##
**The virtual cohomological dimension of the mapping class group of an orientable surface.**
*(English)*
Zbl 0592.57009

Let \(\Gamma =\Gamma^ s_{g,r}\) be the mapping class group of an orientable surface \(F=F^ s_{g,r}\) of genus \(g\) with \(s\) punctures and \(r\) boundary components. Thus each element of \(\Gamma\) is represented by an orientation preserving diffeomorphism of \(F\) which preserves the punctures of \(F\) individually and restricts to the identity on \(\partial F\). The group \(\Gamma\) is known to possess torsion-free subgroups of finite index, i.e. \(\Gamma\) is virtually torsion-free. The main result of the paper under review asserts that \(\Gamma\) has, in addition, cohomological properties parallelling those of the arithmetic groups.

Theorem 4.1. If \(2(g-1)+r+s\) is positive, the group \(\Gamma =\Gamma^ s_{g,r}\) is a virtual duality group (in the sense of Bieri-Eckmann) of dimension \(d=d(g,r,s)\) whose dualizing module \(H^ d(\Gamma, {\mathbb Z}\Gamma)\) is free abelian. The cohomological dimension d is \(4(g- 1)+2r+s\) if \(g>0\) and \(r+s>0\), it is 4(g-1)-1 if \(r=s=0\) and \(2r+s-3\) if \(g=0.\)

The groups for which \(2(g-1)+r+s\) is not positive are either trivial, infinite cyclic or isomorphic to \(\text{SL}(2,{\mathbb Z})\); in particular, they are virtual duality groups.

The main steps in the proof of the theorem are the following ones: First assume there is a boundary component. By plugging a boundary component with a punctured disc one obtains an embedding \(F^ s_{g,r}\hookrightarrow F^{s+1}_{g,r-1}\) which induces a projection of \(\Gamma^ s_{g,r}\) onto \(\Gamma^{s+1}_{g,r-1}\) with infinite cyclic kernel. This fact allows one to concentrate on the cases with \(r=0.\)

If \(r=0\) the group \(\Gamma^ s_ g=\Gamma^ s_{g,0}\) acts properly discontinuously on Teichmüller space \(T=T^ s_ g\) and the stabilizers of points are all finite. The space \(T\) is known to be homeomorphic to Euclidean space of dimension \(6(g-1)+2s\) whence each torsion-free subgroup of \(\Gamma^ s_ g\) has cohomological dimension bounded by \(6(g-1)+2s\). To obtain sharper results a contractible bordification \(\bar T\) of \(T\) with compact quotient \(\bar T/\Gamma\) is called for. A Borel-Serre bordification of \(T^ 0_ g\) has been constructed by W. Harvey using analytical methods [Ann. Math. Stud. 97, 241–251 (1981; Zbl 0461.30036)].

In this paper such a bordification \(W\) is built for the spaces \(T^ s_ g\) with \(s>0\) by a different, combinatorial method, and its boundary \(\partial W\) is shown to be homotopy equivalent to a wedge of spheres of dimension \(2(g-1)+s-1\) if \(g>0\), and s-4 if \(g=0\), \(s\geq 4\). (The group \(\Gamma^ s_ 0\) is trivial for \(s<4.)\) The properties of \(W\), in conjunction with known results from algebraic topology and cohomology theory of groups, imply the claim of Theorem 4.1 for the cases where \(s>0\). To establish the claim for \(g>1\), \(s=0\) the author makes use of the fact that the inclusion \(F^ 1_{g,0}\hookrightarrow F^ 0_{g,0}=F_ g\) induces a surjection of \(\Gamma^ 1_ g\) onto \(\Gamma^ 0_ g\) whose kernel is \(\pi_ 1(F_ g)\). Since \(\Gamma^ 0_ g\) is known to be virtually of finite cohomological dimension, this implies that \(\text{vcd}(\Gamma^ 0_ g)=\text{vcd}(\Gamma^ 1_ g)-2=4(g-1)-1\). To prove that \(\Gamma^ 0_ g\) is a duality group he takes recourse to Harvey’s construction of a bordification of \(T^ 0_ g\) mentioned above. (Alternatively, one could quote a theorem of R. Bieri [J. Pure Appl. Algebra 7, 35–51 (1976; Zbl 0322.20024)] asserting that a quotient of a duality group by a group of type FP is a duality group, provided the dimension of the quotient is finite.)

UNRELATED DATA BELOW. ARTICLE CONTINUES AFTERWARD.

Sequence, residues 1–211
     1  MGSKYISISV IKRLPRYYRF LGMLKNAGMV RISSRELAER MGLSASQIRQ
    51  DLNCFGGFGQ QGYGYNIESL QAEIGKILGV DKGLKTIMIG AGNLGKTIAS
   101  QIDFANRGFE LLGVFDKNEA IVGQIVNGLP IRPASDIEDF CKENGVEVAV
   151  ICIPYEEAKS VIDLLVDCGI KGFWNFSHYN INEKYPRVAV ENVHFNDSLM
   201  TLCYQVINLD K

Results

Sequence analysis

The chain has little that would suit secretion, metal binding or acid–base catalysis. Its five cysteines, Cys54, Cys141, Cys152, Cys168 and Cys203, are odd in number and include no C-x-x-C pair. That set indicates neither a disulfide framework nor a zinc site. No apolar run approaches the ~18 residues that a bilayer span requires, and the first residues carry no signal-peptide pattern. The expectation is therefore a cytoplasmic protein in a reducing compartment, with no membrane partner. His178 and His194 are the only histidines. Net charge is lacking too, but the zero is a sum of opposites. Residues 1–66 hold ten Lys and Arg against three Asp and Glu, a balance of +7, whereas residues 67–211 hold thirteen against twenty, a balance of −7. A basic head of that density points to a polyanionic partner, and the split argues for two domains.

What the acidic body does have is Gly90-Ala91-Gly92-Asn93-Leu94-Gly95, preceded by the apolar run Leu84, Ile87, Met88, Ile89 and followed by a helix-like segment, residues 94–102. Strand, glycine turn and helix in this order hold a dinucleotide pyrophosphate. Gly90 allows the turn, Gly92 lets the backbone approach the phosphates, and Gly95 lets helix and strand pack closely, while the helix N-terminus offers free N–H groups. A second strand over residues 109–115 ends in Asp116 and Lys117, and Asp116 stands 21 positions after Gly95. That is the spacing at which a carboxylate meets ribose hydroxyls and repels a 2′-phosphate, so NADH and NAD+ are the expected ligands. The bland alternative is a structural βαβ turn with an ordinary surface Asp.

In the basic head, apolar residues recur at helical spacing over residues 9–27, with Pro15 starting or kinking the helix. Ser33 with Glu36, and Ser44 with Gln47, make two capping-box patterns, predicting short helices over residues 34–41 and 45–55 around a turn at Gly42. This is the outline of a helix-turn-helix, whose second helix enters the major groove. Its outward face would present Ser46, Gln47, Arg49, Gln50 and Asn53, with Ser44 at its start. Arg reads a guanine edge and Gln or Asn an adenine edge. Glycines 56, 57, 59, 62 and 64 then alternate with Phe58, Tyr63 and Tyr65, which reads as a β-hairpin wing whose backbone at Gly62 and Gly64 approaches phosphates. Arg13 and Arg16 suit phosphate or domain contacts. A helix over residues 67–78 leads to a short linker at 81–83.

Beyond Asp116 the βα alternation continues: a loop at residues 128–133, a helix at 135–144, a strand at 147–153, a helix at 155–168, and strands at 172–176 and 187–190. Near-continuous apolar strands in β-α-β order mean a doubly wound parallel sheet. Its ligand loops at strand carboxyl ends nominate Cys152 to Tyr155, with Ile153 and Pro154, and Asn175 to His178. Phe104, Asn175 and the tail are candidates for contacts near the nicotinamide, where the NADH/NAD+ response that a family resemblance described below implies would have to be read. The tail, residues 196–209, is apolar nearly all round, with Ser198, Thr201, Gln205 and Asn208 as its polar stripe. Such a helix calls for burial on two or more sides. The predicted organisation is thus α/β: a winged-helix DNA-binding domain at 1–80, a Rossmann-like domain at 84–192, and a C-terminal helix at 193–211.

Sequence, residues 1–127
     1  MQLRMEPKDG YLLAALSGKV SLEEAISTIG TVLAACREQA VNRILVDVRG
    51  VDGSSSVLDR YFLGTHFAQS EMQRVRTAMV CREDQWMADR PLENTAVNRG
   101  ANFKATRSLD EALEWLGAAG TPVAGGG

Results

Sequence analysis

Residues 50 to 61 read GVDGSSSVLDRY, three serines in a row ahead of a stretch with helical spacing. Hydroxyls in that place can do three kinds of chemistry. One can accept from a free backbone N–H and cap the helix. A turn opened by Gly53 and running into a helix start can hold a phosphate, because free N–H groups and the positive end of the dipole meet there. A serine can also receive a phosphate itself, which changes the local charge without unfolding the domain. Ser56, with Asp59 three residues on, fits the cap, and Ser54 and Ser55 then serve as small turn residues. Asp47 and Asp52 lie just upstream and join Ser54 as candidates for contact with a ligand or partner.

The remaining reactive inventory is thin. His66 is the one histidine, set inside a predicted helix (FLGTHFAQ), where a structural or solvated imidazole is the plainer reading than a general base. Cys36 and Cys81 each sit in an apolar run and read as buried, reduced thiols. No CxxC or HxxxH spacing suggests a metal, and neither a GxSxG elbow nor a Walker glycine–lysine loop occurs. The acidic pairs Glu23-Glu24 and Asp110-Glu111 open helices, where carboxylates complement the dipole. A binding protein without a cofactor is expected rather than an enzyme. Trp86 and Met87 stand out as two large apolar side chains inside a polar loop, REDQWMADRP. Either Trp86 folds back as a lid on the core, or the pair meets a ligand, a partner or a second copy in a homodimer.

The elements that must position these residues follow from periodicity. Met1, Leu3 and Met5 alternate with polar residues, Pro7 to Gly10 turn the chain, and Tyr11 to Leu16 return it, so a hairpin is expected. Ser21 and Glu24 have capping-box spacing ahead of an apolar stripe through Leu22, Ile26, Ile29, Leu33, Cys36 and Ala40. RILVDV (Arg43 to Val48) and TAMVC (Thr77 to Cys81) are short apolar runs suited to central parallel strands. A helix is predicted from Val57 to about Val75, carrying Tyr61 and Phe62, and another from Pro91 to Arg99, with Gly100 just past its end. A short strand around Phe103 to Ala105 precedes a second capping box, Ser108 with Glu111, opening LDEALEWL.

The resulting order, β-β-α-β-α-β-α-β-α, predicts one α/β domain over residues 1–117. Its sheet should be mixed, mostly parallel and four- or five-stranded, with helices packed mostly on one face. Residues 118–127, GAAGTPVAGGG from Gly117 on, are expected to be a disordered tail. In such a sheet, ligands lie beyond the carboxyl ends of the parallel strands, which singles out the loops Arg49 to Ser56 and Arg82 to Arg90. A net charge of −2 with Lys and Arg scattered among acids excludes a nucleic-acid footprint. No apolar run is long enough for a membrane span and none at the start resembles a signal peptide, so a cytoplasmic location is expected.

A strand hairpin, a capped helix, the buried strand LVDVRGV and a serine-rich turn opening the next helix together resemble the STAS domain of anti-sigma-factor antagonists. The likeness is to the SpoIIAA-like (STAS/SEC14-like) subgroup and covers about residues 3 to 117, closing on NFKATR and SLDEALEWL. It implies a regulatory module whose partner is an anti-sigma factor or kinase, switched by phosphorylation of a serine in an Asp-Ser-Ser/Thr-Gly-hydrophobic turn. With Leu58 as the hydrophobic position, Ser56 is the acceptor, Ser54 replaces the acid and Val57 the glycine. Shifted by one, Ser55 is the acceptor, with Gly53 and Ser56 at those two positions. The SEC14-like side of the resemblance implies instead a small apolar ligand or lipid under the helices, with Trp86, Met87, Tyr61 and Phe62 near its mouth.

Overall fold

In addition to the bordification the author describes a spine \(Y\) of \(T\), a cell complex of dimension \(4(g-1)+s\) onto which \(T\) can be retracted \(\Gamma\)-equivariantly. \(Y\) has the lowest possible dimension in case \(g>0\) and \(s>0.\)

The construction of W and Y both make use of an ideal triangulation of \(T^ s_{g,r}\). This triangulation relies on a theorem of K. Strebel [J. Anal. Math. 19, 373–382 (1967; Zbl 0158.324)] according to which each point of \(T^ s_{g,r}\) corresponds uniquely to a quadratic differential on \(F^ s_{g,r}\) with special behaviour near punctures and boundary components.